How Humans Breathe

You need to get oxygen from the air into your bloodstream so that it can get to your cells for respiration. You also need to get rid of carbon dioxide in your blood. This happens inside the lungs. Breathing is how the air gets in and out of your lungs. Breathing in involves the intercostal muscles and diaphragm to contract, the Thorax (upper part of the body) volume to increase and a decrease is pressure drawing air in. In contrast breathing out involves the intercostal muscles and diaphragm to relax, the Thorax to decrease in volume and therefore air is forced out. Lungs are like sponges in our Thorax - protected by the ribcage. The air breathed in goes down your Trachea (windpipe) then splits into two tubes called Bronchi, each one going into a lung. Then the Bronchi split into smaller tubes called Bronchioles - which finally lead to small air sacs called Alveoli where the gase exchange of carbon dioxide and oxygen takes place.

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The process of Breathing In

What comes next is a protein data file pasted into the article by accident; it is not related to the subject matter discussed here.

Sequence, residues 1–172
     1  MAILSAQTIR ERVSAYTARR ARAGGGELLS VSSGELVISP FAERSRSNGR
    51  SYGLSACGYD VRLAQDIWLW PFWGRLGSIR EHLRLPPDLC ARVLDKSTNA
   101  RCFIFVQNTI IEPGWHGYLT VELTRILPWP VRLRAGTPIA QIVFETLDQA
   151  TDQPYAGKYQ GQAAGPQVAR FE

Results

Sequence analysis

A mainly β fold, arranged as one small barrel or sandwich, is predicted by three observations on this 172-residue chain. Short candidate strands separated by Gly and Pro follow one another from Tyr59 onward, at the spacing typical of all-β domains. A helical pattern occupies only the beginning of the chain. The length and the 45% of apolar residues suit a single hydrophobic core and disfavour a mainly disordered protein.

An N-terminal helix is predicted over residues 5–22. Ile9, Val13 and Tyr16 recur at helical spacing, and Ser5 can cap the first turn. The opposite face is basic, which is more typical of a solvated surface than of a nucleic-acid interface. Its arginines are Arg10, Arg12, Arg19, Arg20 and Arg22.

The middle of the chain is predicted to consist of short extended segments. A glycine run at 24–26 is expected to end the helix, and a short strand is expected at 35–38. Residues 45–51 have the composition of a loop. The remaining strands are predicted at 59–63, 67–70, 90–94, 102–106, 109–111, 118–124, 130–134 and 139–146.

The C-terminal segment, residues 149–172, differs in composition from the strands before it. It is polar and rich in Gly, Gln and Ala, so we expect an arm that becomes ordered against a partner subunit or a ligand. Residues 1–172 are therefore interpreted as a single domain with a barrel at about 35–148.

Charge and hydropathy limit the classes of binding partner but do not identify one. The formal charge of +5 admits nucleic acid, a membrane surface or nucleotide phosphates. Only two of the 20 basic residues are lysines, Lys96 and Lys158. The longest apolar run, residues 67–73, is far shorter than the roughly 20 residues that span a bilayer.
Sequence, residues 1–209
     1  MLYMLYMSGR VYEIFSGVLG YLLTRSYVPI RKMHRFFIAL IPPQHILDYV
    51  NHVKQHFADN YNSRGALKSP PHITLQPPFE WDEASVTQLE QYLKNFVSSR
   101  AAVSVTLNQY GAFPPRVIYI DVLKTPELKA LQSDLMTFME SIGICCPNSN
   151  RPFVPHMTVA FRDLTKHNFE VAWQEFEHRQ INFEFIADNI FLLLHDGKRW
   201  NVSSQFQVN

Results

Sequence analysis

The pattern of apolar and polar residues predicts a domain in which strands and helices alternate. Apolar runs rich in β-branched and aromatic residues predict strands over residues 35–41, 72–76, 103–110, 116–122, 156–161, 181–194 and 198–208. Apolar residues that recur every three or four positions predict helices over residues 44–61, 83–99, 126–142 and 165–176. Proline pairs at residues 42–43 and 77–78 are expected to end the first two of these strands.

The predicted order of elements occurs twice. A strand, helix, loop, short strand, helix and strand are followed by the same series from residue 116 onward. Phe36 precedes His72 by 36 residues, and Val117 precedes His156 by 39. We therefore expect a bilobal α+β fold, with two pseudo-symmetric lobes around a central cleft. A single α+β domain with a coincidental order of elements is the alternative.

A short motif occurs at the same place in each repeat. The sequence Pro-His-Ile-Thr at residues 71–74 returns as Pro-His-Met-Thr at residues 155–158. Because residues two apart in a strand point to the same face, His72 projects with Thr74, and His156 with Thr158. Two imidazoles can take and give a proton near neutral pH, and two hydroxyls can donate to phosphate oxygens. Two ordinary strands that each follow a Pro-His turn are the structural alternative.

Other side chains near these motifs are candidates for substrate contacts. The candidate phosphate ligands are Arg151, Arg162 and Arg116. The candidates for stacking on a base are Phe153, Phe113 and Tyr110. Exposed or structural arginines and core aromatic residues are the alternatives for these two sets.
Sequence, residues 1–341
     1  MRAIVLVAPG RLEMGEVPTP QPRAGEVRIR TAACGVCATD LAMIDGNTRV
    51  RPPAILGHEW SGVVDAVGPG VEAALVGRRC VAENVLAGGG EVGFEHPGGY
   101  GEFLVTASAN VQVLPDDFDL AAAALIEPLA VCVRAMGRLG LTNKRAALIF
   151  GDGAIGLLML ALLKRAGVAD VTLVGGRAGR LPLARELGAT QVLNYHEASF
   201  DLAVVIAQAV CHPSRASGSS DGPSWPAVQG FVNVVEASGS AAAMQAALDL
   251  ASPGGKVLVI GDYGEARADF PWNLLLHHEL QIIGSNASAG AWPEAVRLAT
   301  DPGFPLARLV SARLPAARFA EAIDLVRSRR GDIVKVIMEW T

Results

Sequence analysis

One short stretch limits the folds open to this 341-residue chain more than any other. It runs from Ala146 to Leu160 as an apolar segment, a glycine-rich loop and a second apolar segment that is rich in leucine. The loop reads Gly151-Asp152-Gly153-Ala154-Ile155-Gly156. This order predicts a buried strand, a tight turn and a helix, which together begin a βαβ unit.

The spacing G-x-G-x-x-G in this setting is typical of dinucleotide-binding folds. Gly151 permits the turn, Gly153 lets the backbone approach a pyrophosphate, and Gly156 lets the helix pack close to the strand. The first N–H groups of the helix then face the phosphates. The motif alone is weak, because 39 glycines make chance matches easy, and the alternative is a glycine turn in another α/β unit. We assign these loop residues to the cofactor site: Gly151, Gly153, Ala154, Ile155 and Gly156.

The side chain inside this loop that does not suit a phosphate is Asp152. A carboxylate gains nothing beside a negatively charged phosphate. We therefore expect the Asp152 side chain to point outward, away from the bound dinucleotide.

• Intercostal muscles and diaphragm contract
  • Thorax volume increases
  • Pressure is decreased - drawing air in
  • Diaphragm flattens out
  • Sternum and ribcage are pulled up and out by muscles between ribcage
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The process of Breathing out

  • Intercostal muscles and Diaphragm relax
  • Thorax volume decreases
  • Air is forced out and up the Trachea
  • Ribcage and sternum drop in and down
  • Diaphragm moves up
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How Does Breathing work

  • Air breathed in goes down the Trachea
  • Its split into two separate tubes called Bronchi which lead to each individual lung
  • The Bronchus then splits into even smaller tubes called Bronchioles
  • Finally the Bronchioles lead to tiny tiny air sacs called Alveoli which have a LARGE surface area which therefore means a lot of gas exchange can take place. 
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Gas Exchange in Alveoli

  • The Alveoli are specialised to maximise the diffusion of oxygen and carbon dioxide.

They contain -

  • Enormous surface area
  • A moist lining for dissolving gases
  • Very thin walls
  • Good blood supply


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